Dragging Instead of Lifting: A New Spine Stretcher Concept
|Bufalini Hospital Trauma Center, AUSL Romagna, Cesena (FC), Italy|
|Corresponding Author :||Enrico Farabegoli
Bufalini Hospital Trauma Center
AUSL Romagna, Cesena (FC), Italy
Fax: 393 3861554
E-mail: [email protected]
|Received June 19, 2014; Accepted September 16, 2014; Published September 18, 2014|
|Citation: Farabegoli E (2014) Dragging Instead of Lifting: A New Spine Stretcher Concept. J Spine 3:183. doi:10.4172/2165-7939.1000183|
|Copyright: © 2014 Farabegoli E, et al. This is an open-access article distributed under the terms of the Creative Commons Attribution License, which permits unrestricted use, distribution, and reproduction in any medium, provided the original author and source are credited.|
Introduction: The goal of immobilization is to transform the entire body of the patient into a single mass so it can withstand the stress of the rescue without further damage. The traumatized patients must be immobilized on spine stretchers to ensure complete immobilization of their spine. The world’s best selling stretcher of this type is the Ferno Scoop Exl65. The Northwall Innovation’s Skidboard is a stretcher that does not require the collar and can be dragged on the ground.
Material and Methods: We compared the stress to the spine during the loading and transport steps with both the Skidboard and the Exl65 stretchers. We collected data from electronic devices placed on the patient’s suit and helmet. Each sensor inside the suit and helmet showed values on the three Cartesian axes during all manoeuvers. We repeatedly simulated the rescue of a fallen rider and performed rescue operations both by lifting and transporting the patient on the Exl65 stretcher and by loading the patient on the Skidboard and dragging it on the ground, in a variety of scenarios.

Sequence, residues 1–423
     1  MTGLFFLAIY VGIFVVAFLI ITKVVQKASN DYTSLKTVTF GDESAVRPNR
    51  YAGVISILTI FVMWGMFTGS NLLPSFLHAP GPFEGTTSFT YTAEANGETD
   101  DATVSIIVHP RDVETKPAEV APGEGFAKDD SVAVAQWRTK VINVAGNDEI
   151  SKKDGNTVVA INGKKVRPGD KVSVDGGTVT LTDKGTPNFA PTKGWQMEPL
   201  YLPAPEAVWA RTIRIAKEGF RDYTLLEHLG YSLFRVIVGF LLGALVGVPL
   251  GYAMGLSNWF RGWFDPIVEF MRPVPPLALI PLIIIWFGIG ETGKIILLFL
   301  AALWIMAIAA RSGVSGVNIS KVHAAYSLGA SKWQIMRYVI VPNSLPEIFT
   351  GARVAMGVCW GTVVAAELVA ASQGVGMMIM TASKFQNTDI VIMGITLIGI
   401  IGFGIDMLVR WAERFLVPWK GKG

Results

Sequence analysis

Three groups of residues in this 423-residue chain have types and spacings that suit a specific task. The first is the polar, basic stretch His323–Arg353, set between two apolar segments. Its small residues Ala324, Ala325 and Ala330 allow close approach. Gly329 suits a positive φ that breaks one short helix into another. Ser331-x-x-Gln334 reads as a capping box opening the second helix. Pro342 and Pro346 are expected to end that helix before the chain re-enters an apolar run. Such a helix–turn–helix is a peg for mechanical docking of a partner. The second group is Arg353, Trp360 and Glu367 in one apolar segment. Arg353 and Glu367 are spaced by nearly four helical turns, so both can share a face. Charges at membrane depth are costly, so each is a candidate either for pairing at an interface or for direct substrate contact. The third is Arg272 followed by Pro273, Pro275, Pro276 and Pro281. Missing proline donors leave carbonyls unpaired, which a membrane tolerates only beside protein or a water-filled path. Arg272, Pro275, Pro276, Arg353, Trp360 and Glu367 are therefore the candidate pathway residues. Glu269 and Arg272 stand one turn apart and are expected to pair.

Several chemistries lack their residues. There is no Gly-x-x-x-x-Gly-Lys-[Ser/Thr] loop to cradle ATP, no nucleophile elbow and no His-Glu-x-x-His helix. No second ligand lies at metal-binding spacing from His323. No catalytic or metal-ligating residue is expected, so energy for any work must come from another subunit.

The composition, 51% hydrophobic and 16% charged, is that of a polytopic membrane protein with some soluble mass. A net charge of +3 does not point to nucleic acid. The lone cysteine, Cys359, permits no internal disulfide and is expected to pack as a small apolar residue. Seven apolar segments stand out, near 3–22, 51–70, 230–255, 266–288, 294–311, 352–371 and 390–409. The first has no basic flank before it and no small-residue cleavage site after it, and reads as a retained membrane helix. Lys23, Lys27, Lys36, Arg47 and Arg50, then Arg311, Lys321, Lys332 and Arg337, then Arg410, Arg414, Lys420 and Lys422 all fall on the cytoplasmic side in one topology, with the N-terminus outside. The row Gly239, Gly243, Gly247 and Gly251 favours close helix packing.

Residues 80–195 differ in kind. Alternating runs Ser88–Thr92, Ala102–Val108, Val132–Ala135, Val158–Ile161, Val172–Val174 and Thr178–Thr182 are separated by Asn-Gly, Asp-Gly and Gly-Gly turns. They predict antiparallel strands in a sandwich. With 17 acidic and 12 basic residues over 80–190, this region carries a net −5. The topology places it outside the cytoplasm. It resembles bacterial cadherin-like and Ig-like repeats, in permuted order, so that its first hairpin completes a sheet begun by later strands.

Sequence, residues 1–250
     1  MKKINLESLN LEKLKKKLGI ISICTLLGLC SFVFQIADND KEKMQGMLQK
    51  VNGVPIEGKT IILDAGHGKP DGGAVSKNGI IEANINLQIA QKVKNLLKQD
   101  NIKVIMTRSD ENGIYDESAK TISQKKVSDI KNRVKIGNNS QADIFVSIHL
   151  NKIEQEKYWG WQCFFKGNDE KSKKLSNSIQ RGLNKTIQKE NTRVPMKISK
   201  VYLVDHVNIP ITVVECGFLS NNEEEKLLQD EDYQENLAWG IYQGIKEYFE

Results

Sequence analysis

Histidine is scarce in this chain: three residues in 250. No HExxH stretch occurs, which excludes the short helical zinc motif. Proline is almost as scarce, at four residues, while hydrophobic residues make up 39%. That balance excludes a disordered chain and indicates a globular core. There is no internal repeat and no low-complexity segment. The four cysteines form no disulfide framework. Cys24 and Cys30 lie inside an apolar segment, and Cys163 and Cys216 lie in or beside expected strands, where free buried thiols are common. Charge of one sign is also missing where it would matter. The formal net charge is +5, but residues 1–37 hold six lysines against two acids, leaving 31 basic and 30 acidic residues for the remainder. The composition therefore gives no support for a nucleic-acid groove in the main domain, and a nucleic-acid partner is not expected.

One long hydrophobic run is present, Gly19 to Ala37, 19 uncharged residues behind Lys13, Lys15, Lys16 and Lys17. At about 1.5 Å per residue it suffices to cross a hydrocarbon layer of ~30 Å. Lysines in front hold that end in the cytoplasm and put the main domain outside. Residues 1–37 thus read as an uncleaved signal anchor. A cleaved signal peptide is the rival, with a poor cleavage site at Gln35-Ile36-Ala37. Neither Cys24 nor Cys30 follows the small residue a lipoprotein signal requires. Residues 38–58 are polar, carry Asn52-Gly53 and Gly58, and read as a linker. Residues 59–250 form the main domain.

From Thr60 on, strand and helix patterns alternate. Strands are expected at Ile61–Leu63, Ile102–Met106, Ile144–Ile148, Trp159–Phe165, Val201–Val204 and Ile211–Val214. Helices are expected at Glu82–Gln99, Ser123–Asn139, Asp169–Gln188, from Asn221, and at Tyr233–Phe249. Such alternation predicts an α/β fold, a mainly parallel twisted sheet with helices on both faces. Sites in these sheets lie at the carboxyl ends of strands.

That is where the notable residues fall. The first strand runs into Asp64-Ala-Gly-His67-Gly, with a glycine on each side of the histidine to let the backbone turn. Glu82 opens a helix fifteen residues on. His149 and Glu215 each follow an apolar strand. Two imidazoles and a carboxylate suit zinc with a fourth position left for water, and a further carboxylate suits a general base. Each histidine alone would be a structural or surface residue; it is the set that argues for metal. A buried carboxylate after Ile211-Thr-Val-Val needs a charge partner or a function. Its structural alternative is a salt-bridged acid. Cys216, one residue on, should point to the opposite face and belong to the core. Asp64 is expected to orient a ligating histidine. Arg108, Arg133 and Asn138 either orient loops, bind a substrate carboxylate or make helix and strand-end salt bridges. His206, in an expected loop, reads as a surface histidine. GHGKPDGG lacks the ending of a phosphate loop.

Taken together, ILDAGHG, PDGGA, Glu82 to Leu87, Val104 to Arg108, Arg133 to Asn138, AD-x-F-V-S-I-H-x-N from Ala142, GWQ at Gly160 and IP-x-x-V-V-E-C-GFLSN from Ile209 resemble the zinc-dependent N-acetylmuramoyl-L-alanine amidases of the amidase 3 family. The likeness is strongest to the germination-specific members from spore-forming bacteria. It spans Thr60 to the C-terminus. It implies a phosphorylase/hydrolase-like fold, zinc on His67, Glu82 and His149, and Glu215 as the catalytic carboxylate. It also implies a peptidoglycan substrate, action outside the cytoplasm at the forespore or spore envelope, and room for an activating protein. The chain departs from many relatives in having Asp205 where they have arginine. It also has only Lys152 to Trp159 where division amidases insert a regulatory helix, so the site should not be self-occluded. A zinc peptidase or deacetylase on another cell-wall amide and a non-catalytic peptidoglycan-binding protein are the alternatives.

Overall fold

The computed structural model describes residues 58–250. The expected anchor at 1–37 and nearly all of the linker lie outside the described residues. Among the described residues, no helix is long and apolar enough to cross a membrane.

Results: In general, the Skidboard creates less energy than the Exl65. The Skidboard ensures correct immobilization of the cervical spine during the entire rescue process, unlike the Exl65 that does not immobilize the cervical spine when the patient is wearing a helmet. The rest of the spine, even if tied on the Exl65, is more subject to pitching and especially rolling on the Exl65 as opposed to the Skidboard. The stresses dragging Skidboard are physically more noisy and we were expecting the body to absorb the vibrations and turn it into injury, but it is not so. Probably because the fastening system of the Skidboard makes the body an integral block with the stretcher, and the energy developed by skidding is dissipated in other forms, without injury to the spine. The Exl65 seems to vibrate slightly during the transport, however the operators perform instinctive ergonomic and compensatory acts that generate energy on the patient, although tied to the stretcher. The Skidboard does not only discharge less energy on patient than the Exl65, but also greatly reduces the severity of the fall of the patient from the stretcher because only a portion of the body is elevated a few centimeters above the ground.
Conclusion: Data show that the stress to the patient using Skidboard is not greater than with another stretcher during the transport on flat ground. The system of dragging a stretcher seems to be a valid system to rescue traumatized and non-traumatized patients. In fact, it does not deliver greater energy than lifting and transporting on other stretchers. The author declares no conflicts of interests.